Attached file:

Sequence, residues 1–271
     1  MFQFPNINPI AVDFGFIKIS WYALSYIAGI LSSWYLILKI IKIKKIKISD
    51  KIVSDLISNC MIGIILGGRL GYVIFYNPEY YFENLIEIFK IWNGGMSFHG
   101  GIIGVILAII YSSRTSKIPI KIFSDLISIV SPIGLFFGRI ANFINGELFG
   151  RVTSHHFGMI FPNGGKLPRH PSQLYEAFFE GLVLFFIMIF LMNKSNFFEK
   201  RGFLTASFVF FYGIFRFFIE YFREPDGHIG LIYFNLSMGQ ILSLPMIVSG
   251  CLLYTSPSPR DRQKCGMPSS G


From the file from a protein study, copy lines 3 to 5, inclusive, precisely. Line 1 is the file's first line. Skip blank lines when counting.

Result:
    51  KIVSDLISNC MIGIILGGRL GYVIFYNPEY YFENLIEIFK IWNGGMSFHG
   101  GIIGVILAII YSSRTSKIPI KIFSDLISIV SPIGLFFGRI ANFINGELFG
   151  RVTSHHFGMI FPNGGKLPRH PSQLYEAFFE GLVLFFIMIF LMNKSNFFEK